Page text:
National Parks

National Parks. National Parks with 2 little kids. 2 little kids who have not camped before. No problem. They’re going to love this. Easy, no sweat. We got this. 

You have to be brave first before asking the kids to be, which I forget from time to time. Had to give myself little pep talks here and there (like the one above) along the way. In preparing the itinerary for this 6 month adventure, which truth be told, we did a little before leaving but most once we were on the road, it was an understood that we would see some National Parks. I’m not sure why that was, it just felt like part of what a cross-country road trip entailed. Having not been to any as a child, I was really excited to watch the kids take it all in, on top of having my own experience. Yellowstone and the Badlands were the two parks we settled on mostly due to the fact they were en route, and taking some recommendations from friends as well. How could we not?

One thing we had already learned on the journey was, don’t make any promises to them. Just never know how things will roll out. So we were very careful not to say, “We will see elk, wolves, and buffalo at Yellowstone.” Let nature run its course, and stuck with the facts. “We will be camping. Sleeping on the ground in sleeping bags. Won’t that be awesome!” (I always like to brainwash myself and stay optimistic.) Camping was a promise we could keep, fingers crossed the weather cooperated with us. And then it all became real. Pull up to the gates, and the conversations we were having started to come to life right in front of us. 

There had been a lot of juggling of “stuff” leading up to those entrance gates. The food stuff, the clean vs. dirty clothes stuff, the homemade sign stuff, the games stuff, the work bags stuff, the cords stuff, on and on. So many things, and not one of them mattered once we set foot in those parks. The kids forgot about all the distractions we brought in their backpacks. We forgot about all the electronic stuff and got to unplug. And all of a sudden every experience felt longer. In a good way.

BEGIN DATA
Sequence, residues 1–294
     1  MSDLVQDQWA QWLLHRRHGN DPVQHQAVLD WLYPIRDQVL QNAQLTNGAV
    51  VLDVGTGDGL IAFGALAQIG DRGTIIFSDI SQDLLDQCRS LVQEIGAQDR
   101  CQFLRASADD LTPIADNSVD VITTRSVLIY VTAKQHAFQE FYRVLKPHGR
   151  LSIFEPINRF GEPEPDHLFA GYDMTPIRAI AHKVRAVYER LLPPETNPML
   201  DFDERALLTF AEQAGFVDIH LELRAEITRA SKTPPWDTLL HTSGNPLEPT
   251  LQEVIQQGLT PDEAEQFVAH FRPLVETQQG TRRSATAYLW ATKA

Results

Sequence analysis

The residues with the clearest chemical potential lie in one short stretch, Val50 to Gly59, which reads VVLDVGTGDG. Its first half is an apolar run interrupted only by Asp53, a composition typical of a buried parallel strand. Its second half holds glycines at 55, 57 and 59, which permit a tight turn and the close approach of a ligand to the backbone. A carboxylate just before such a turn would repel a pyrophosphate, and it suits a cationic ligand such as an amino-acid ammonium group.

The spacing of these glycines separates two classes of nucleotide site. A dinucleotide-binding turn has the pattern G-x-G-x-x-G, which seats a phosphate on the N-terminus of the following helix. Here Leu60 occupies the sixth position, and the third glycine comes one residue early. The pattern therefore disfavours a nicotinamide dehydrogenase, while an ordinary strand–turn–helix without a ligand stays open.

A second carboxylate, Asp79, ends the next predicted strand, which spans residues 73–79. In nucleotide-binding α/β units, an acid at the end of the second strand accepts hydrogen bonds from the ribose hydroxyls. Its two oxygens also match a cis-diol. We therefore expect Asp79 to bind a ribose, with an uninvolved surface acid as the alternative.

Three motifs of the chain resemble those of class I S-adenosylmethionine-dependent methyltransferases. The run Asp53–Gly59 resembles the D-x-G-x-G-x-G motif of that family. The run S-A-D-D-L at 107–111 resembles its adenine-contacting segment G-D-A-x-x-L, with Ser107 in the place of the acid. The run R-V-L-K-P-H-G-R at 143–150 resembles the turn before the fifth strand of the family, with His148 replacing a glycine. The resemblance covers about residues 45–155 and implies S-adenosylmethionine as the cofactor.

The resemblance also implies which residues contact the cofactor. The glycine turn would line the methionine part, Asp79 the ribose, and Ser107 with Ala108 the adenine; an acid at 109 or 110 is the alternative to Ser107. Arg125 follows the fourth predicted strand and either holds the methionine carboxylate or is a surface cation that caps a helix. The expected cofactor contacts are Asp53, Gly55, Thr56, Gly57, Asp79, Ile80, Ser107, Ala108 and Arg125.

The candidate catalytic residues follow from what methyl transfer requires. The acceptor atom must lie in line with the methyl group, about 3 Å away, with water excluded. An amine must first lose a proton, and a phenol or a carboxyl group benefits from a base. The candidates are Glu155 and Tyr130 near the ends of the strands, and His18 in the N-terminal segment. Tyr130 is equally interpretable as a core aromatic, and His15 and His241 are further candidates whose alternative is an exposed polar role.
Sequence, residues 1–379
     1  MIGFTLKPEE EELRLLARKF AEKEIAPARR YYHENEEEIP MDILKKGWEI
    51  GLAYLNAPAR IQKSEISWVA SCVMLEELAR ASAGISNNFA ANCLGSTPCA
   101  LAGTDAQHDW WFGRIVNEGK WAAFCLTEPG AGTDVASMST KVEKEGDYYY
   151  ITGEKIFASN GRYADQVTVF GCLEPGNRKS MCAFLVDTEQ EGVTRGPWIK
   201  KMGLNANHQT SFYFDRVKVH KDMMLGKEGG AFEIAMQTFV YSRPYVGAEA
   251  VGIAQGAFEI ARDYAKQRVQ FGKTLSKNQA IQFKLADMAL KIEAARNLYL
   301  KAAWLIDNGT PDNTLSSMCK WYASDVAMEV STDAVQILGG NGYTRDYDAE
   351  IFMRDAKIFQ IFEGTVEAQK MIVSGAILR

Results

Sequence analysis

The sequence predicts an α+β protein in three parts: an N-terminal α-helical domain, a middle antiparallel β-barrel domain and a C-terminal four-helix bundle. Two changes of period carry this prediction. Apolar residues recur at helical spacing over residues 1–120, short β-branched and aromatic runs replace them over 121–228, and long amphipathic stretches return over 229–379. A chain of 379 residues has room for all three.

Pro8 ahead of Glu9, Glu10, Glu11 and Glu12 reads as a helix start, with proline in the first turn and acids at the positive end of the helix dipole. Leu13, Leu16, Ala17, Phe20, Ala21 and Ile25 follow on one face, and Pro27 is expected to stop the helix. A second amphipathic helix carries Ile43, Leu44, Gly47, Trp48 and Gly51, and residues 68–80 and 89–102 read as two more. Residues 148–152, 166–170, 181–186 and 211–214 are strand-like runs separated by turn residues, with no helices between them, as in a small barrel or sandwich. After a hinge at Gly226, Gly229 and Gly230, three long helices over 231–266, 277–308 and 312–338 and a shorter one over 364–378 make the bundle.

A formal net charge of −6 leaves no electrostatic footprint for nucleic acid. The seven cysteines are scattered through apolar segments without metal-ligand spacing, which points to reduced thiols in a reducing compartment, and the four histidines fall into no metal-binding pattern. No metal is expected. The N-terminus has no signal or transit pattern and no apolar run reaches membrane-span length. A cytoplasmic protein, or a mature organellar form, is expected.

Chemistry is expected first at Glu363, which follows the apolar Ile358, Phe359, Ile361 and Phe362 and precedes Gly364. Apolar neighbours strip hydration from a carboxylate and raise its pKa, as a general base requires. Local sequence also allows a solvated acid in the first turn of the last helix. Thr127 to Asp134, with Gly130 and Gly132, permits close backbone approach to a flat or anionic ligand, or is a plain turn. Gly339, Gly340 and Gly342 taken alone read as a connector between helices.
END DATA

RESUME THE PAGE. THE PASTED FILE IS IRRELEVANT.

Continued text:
Time opened up for us. There was nothing to rush for. So much to see and appreciate. Sitting in a line of complete standstill traffic, on a two-lane road, with no way out, nothing to do but wait. It was heavenly. The kids were asking great questions. We were all looking around trying to figure out what it could be, eagerly awaiting the answer. Put the car in park. Hop out and look around. Go back to the car for the camera, because it was just too beautiful. And then ended up standing in a wide open field with a herd of hundreds of bison for about 30 minutes. Felt like 3 hours. It was hard to get the kids back in the car. I think they would’ve slept out in the open fields under the stars had we let them. “When would I ever be ok with all of these circumstances back home?” I thought. 

Now don’t get me wrong, 3 and 5 year olds still have the capability of being 3 and 5 out at the National Parks. Kaleb had an epic meltdown at the Badlands which started when he was overlooking a prairie dog’s hole (or house, as it is). The recovery rate changes though. The resilience factor has increased, so had the number of distractions. I felt that the fact we could count on 1 hand the number of meltdowns we remembered on this trip…has to be a good thing.

Everything changes at National Parks. It’s not just the air and the landscape and the pace, which could be a whole different blog post. It was what mattered to us. What took priority to our kids. And truly letting the experiences be the thing that mattered most. I can’t wait to go to more Parks as Us 5. Thinking the Tetons should be next!  

Us 5 ~ with love

Jonathan Gordon